Is Europe facing a second coronavirus wave while they are still recovering from the first?
Several European countries have been experiencing a resurgence in coronavirus cases while still recovering their economies from the peak of the pandemic back in March. The average resurgence in cases is not quite as high as when Europe was at its peak. Some officials are crediting the high number of cases to implementations of new universal rapid coronavirus testing sites.
Is this the second wave?
Some have even begun to call this surge the second wave that many had been fearing. The second wave of the Spanish Flu after World War 1 was more deadly than the first which makes this second wave all the more frightening. However, Margaret Harris of the World Health Organization clarified that we have been seeing “one big wave” making its way across the globe.
Additionally, Norwich Medical School Covid expert Professor Paul Hunter said that the coronavirus would have had to go away completely for there to be a second wave thus he prefers to use the term “resurgence” instead. We should view this resurgence more like the existing first wave penetrating the health defense measures European countries had taken.
The coronavirus spikes have been especially notable in France, Spain, and the United Kingdom. France hit new record highs with authorities reporting 8,975 new cases last week beating the previous record of 7,578. Spain recorded almost 9,000 new cases on September 3. The UK experienced its biggest jump in cases in a single day since May with 3,000 new cases.
New cases have been especially high within younger populations which makes sense as many younger people are getting tested. The UK Health Secretary Matt Hancock said, “We have seen in other countries across the world and in Europe this sort of rise in the cases among younger people lead to a rise across the population as a whole.” He added, “So, it’s so important that people don’t allow this illness to infect their grandparents and to lead to the sort of problems that we saw earlier in the year.”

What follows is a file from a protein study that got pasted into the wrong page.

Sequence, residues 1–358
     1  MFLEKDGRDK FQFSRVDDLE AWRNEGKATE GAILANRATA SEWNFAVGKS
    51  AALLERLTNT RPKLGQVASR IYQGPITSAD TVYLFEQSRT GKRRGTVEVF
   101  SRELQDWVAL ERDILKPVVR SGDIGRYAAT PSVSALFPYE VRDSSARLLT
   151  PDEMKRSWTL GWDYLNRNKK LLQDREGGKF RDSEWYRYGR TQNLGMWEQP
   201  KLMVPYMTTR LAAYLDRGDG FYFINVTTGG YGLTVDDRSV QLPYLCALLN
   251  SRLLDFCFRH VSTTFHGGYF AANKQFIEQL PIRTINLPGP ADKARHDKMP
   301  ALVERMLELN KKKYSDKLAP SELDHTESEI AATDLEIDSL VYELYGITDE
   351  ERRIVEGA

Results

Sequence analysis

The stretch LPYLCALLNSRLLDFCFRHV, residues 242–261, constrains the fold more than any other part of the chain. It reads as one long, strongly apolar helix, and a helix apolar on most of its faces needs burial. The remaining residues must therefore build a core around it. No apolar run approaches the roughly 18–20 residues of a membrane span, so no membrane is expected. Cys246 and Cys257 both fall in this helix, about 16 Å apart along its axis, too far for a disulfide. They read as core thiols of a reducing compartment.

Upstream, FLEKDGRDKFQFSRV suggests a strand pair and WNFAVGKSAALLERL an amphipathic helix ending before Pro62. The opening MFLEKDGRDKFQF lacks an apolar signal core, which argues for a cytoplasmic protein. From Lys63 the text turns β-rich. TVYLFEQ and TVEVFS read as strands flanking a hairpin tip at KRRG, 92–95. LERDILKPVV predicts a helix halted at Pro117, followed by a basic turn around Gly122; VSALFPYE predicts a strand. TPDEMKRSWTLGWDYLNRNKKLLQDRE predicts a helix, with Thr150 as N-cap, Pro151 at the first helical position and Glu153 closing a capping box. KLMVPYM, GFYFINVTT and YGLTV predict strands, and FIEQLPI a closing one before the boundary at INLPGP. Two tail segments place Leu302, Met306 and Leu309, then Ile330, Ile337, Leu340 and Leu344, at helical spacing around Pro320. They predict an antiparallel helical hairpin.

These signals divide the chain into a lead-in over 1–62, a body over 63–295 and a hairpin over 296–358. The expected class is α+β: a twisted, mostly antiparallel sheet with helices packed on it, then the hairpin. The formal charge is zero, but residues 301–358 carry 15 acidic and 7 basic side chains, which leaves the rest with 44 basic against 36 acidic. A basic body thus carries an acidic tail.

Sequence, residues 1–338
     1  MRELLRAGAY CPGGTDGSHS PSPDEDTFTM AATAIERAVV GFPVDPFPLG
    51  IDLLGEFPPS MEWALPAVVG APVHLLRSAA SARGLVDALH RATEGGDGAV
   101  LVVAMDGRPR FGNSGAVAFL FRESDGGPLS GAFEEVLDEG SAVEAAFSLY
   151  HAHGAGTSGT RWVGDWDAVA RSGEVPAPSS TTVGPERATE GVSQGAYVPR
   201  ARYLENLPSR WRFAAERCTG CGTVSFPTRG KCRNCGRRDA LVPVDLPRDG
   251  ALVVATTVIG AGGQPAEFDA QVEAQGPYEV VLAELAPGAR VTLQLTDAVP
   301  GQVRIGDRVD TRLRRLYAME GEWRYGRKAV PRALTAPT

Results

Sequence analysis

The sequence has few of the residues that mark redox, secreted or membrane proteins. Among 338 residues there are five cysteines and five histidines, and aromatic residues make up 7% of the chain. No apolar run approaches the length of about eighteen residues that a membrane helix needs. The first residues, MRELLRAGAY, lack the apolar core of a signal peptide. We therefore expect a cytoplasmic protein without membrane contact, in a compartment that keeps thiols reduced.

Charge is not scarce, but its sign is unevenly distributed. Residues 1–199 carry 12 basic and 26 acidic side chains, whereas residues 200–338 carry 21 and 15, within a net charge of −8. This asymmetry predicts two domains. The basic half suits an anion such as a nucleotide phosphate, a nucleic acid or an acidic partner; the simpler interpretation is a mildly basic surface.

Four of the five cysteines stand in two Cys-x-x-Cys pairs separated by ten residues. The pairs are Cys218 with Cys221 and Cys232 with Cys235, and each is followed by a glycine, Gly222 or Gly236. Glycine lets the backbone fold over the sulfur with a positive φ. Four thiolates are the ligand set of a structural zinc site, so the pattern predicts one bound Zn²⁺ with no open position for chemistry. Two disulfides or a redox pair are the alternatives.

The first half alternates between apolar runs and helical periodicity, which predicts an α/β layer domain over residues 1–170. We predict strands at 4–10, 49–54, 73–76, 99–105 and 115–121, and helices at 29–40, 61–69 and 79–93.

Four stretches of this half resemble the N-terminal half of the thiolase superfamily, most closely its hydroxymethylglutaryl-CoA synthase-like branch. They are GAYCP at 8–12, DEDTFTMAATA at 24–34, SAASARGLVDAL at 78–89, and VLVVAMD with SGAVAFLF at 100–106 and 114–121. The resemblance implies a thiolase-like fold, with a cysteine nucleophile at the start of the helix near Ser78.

More cases but not deaths
France has recently implemented free, rapid testing nationwide which most European officials credit for the rise in cases. Although the first wave of the coronavirus had a significant impact on hospitals in France, the recent resurgence has not nearly seen as much hospitalizations and deaths. This has allowed policymakers to continue France’s reopening.
Laurent Toubiana, a leading epidemiologist at the French Institute of Health and Medical Research said, “For the moment, the important number is the number of sick persons, and the number of sick persons is not increasing.” He concluded, “The number of deaths are not increasing. So, we shouldn’t be getting worked up.” There are only 500 patients in intensive care compared to 8,000 at France’s peak.
Officials advise to continue cautiousness
Although the coronavirus resurgence seems less deadly, officials remain on their toes. Lockdowns have not been reinstated yet. “I cannot envision a general lockdown,” said the French Health Minister Olivier Veran. “The lockdown was a lid on an overflowing cooking pot.” Veran and other European officials warn of more hospitalizations as cases increase and social distancing measures are eased and advises that people remain “vigilant.”